Larisa Bishop-Boros joined WEST, Inc. in the spring of 2014 as a wildlife biologist in the Laramie, Wyoming office. Larisa has been active in wildlife biology and conservation ecology in the U.S., Canada, Ireland, and Central America since 2006. She has been researching bats since 2008 as a project manager, field coordinator, and research ecologist for four environmental consulting firms, two universities, and the Kentucky Department of Fish and Wildlife Resources. Larisa received a M.S. degree investigating the influence of weather and latitude on bat ecology and reproduction in 12 species (Missouri State University) and a B.S. degree comparing acoustic monitoring and echolocation identification techniques of bats from the State University of New York’s College of Environmental Science and Forestry.
At WEST, Larisa manages, coordinates, and conducts wildlife surveys for North American energy developers, including wind and solar facilities, transmission line, and natural gas pipeline. Larisa provides federal and state pre- and post-construction environmental compliance consultation, specializing in environmental permitting assistance and development of Habitat Conservation Plans, Eagle Conservation Plans, Environmental Assessments, Breeding Bird Conservation Strategies, Site Characterization Studies (Tier II, III, and IV WEG), and compensatory mitigation plans.
Larisa has 10 years of experience as a federally permitted Indiana bat, gray bat, northern long-eared bat, Virginia big-eared bat, and Ozark big-eared bat (greater long-nosed bat pending) biologist. She has extensive experience capturing 33 bat species in 25 states and acoustically detecting and qualitatively identifying North American bats in all U.S. states and three Canadian provinces. Larisa manages the following bat project types: seasonal acoustic activity monitoring, summer presence/probable absence surveys, roost and foraging radio telemetry, spring and fall portal surveys and harp trapping, habitat assessments, summer maternity colony surveys, winter hibernacula population estimates and white-nose syndrome surveillance, and seasonal occupancy modeling. Over the course of her career, Larisa has investigated maternity colony use and networks, species distribution, spatial habitat association, alternative mitigation strategies, migratory corridor identification, Myotis winter activity, and range extensions, with peer-reviewed publications resulting from this research.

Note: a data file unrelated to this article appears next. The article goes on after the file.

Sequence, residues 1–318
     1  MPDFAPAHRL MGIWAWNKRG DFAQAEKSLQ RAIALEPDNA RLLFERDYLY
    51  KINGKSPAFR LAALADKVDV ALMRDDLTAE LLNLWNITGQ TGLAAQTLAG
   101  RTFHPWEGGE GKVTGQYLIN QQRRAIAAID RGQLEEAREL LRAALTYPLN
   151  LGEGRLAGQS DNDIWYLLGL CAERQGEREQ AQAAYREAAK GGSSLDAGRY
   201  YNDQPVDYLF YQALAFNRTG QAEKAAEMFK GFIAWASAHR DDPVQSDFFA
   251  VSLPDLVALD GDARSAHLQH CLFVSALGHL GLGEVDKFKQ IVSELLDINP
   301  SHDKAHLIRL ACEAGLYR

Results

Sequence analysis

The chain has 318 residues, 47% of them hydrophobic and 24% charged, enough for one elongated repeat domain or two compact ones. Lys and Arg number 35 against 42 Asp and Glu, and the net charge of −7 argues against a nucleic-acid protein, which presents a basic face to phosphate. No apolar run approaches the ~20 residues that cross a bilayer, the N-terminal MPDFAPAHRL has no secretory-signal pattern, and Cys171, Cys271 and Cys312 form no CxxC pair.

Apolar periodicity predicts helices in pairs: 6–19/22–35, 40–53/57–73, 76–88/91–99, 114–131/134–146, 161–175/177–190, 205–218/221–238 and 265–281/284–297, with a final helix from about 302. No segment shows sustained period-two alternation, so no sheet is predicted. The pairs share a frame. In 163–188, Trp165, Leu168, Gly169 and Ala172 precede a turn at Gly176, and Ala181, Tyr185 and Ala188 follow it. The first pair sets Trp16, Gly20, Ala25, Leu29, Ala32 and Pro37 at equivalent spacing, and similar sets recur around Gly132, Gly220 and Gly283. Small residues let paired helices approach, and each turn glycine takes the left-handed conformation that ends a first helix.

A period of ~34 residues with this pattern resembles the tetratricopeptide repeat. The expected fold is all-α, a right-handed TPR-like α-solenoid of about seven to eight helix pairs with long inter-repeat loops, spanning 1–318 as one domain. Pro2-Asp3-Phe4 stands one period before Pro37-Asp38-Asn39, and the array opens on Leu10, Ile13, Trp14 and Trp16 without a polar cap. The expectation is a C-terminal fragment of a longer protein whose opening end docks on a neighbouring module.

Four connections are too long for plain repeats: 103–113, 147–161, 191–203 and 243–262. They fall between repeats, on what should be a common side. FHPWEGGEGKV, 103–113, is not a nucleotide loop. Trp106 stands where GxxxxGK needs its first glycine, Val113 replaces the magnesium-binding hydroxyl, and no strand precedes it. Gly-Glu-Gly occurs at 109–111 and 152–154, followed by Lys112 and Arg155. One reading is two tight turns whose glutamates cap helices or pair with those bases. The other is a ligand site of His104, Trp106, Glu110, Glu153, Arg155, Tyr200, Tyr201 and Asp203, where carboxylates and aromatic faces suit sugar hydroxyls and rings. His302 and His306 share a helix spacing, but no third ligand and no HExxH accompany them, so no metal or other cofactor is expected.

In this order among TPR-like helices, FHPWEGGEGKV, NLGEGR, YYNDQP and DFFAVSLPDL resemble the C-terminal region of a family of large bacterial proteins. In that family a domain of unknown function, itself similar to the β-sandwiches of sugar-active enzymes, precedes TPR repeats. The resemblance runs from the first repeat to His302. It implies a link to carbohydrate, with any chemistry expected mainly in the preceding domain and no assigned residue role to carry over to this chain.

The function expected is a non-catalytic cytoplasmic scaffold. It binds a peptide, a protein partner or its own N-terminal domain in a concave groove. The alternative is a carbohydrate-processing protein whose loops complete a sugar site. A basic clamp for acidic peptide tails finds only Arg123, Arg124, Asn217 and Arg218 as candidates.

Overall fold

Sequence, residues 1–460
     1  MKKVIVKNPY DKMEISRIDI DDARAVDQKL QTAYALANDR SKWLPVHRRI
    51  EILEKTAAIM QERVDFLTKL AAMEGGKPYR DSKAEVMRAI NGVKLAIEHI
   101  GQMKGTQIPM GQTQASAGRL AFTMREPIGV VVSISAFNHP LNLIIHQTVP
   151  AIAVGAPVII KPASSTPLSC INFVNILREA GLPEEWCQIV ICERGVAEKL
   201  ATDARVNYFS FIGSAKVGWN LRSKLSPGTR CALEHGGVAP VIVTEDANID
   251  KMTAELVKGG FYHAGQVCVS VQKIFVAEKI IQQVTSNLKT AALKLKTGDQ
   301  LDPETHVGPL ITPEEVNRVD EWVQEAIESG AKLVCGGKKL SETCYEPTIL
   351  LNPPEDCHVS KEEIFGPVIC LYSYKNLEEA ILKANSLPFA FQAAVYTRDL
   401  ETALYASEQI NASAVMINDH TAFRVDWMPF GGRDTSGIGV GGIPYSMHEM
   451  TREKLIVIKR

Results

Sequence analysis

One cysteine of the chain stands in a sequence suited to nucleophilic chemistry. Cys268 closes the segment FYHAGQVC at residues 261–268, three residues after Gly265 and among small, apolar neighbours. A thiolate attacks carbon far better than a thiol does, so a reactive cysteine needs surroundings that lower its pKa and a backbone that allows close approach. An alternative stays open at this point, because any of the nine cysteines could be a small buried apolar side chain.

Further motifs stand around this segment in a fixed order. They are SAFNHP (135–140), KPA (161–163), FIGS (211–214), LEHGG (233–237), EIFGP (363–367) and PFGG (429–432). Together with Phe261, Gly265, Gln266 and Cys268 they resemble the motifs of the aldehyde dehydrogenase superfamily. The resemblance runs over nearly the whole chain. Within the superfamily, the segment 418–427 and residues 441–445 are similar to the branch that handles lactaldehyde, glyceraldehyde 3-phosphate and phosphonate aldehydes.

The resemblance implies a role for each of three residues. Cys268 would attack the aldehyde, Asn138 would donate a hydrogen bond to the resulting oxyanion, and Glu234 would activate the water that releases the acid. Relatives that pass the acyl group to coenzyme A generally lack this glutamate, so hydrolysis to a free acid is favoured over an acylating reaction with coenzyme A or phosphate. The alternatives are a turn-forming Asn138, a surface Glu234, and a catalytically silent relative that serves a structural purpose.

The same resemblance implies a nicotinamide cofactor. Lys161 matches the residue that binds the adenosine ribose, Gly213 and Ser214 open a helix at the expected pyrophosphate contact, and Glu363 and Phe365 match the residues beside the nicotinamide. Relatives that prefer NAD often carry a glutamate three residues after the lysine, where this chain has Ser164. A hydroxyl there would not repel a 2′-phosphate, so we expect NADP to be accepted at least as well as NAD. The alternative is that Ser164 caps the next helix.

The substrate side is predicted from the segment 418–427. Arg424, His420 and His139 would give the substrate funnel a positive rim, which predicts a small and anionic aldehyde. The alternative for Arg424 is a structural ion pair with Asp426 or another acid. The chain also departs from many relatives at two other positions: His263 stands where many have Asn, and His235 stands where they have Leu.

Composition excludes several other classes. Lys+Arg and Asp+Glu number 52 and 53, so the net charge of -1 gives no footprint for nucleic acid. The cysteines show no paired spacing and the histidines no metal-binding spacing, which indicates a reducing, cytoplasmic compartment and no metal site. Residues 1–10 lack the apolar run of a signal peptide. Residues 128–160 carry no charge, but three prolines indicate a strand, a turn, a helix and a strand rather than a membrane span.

Larisa is proficient with statistical analysis using R code for avian and bat studies, novel study design and implementation to address industry research needs, and protocol development. She is currently active with post-construction monitoring, eastern spotted skunk habitat assessments, reptile and amphibian habitat suitability assessments, and the following surveys: avian use, small bird point count, prairie dog, eagle use, raptor and avian nest, aerial lesser prairie-chicken and sharp-tailed grouse, barred owl, breeding bird playback, native grassland, and vegetative community assessments.
Larisa also has a broad background surveying other wildlife, including experience live-trapping small mammals, collecting and identifying insects and aquatic macroinvertebrates, electrofishing, gill/fyke netting, assessing the health of streams, fatality searches, aquatic invertebrate sampling, elk reintroduction, and herpetofaunal inventories and habitat assessments.